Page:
|Have you ever heard about “The Kiss” by Rodin ?|
Kiss by Rodin – François Auguste René Rodin (1840 Paris – 1917 Paris) was a French sculptor. Rodin is generally considered as the progenitor of modern sculpture. He was schooled traditionally, took a craftsman-like approach to his work. He was an amazing artist and is well known for his art, worldwide, with The Kiss but also The Thinker.
Rodin and Camille Claudel Kiss
The virility of the artist, nicknamed in his time the “Sacred Goat”, provoked semi-public or private drama and is at the center of a plastic expression of sensuality, eroticism, but also pain. In 1864, he met Rose Beuret, daughter of a farmer from Haute-Marne. This seamstress worker, aged 20, will serve as a model and become his companion. He married her on January 29, 1917, at the end of their lives, while he had many lovers. In 1866, he will have a son Auguste Eugène Beuret (1866-1934), who he will never recognize. When you talk about Rodin, you must talk about Camille Claudel (8 December 1864 – 19 October 1943) who was also a French sculptor. She was the lover and co-worker of sculptor Auguste Rodin, for 10 years of passion and competition… war of ego.
The sculpture which occupies a central place in their story does not always happen serenely: learning, frustration, search for the expression, the model … but source of an inevitable and deep connivance of their minds … After ten years of passionate love, misunderstandings and mutual disappointments, Camille Claudel draws a line on their own story and never recovered from his break with him. She died in relative obscurity, from alleged mental illness, her family sent her in mental hospital the rest of her life while Rodin desired academic recognition, although he was never accepted into Paris’s foremost school of art.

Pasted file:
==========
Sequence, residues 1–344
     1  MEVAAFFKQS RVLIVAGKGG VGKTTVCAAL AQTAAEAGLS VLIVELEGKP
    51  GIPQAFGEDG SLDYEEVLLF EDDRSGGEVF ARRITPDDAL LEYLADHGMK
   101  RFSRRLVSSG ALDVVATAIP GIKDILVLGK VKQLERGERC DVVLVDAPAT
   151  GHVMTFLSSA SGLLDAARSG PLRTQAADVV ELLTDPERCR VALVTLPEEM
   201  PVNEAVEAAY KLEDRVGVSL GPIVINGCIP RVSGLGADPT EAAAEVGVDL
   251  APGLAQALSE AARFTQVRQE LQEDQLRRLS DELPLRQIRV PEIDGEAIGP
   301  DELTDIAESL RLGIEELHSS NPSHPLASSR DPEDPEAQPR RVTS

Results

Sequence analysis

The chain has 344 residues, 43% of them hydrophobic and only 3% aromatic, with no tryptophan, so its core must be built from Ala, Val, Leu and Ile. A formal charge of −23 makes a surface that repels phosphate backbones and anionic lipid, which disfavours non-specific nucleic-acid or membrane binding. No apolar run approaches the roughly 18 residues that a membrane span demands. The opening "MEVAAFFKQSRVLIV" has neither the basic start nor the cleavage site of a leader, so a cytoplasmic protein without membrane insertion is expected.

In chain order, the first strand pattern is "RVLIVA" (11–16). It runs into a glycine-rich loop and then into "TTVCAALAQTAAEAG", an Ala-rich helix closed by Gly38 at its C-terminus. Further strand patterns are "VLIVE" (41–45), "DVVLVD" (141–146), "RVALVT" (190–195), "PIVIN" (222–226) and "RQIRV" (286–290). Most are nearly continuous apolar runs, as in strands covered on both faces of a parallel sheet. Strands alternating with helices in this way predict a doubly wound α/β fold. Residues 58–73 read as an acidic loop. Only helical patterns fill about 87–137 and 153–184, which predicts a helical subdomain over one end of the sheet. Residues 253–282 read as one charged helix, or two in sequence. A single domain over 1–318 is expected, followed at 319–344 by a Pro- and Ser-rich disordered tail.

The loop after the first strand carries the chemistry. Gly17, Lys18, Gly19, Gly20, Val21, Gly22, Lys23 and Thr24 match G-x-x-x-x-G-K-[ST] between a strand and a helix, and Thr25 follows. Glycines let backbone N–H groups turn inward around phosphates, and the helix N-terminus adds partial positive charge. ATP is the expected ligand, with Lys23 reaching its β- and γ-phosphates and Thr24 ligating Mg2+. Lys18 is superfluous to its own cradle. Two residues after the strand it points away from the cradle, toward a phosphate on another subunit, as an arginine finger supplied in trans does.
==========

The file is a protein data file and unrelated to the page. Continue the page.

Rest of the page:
The national Camille Claudel Museum in Nogent-sur-Seine opened in 2017, and the Musée Rodin in Paris has a room dedicated to Claudel’s works.
Sad sentimental painful lives but both great artists. Let’s compare those two artists with “le baiser” (The Kiss) from Rodin and “Sakountala” from Camille Claudel. When she sculpts the entwined couple of Sakountala, he, at the same time, delivers his Kiss, vibrating echo of a shared passion.
Le baiser (The Kiss) by Rodin
The Kiss (marble) originally represented Paolo and Francesca, characters from The Divine Comedy, poem by Dante Alighieri (1265-1321). Killed by Francesca’s husband who had caught them kissing, the two lovers were sentenced to wander the underworld. This couple, conceived early by Rodin, in the creative process of The Door of Hell, figured prominently at the bottom of the left wing, facing Ugolin, until 1886, when the sculptor became aware that this representation of Happiness and sensuality was at odds with the theme of his great project.
Sakountala by Camille Claudel
Sakountalâ is a poem by Kâlidâsa (4th-5th centuries ago), famous Hindu poet, telling the story of a Hindu drama representing the reunion of Sakountala and her husband to nirvana. This sculpture is a representation of what awakened this elegiac theme in the work of Camille Claudel. The Sakountala plaster was awarded an honorable mention to Camille Claudel at the Salon des artistes français in 1888. A marble translation kept at the Rodin Museum bears the name of Vertumne and Pomone. Exhibited at the Salon d’Automne in 1905, the bronze is called L’Abandon and edited by Blot.
The Kiss by Rodin in Paris
The Musée Rodin in Paris is a museum that was opened in 1919, the Hôtel Biron and surrounding grounds in central Paris. The collection includes 6,600 sculptures, 8,000 drawings, 8,000 old photographs, and 7,000 objets d’art. The museum receives 700,000 visitors annually.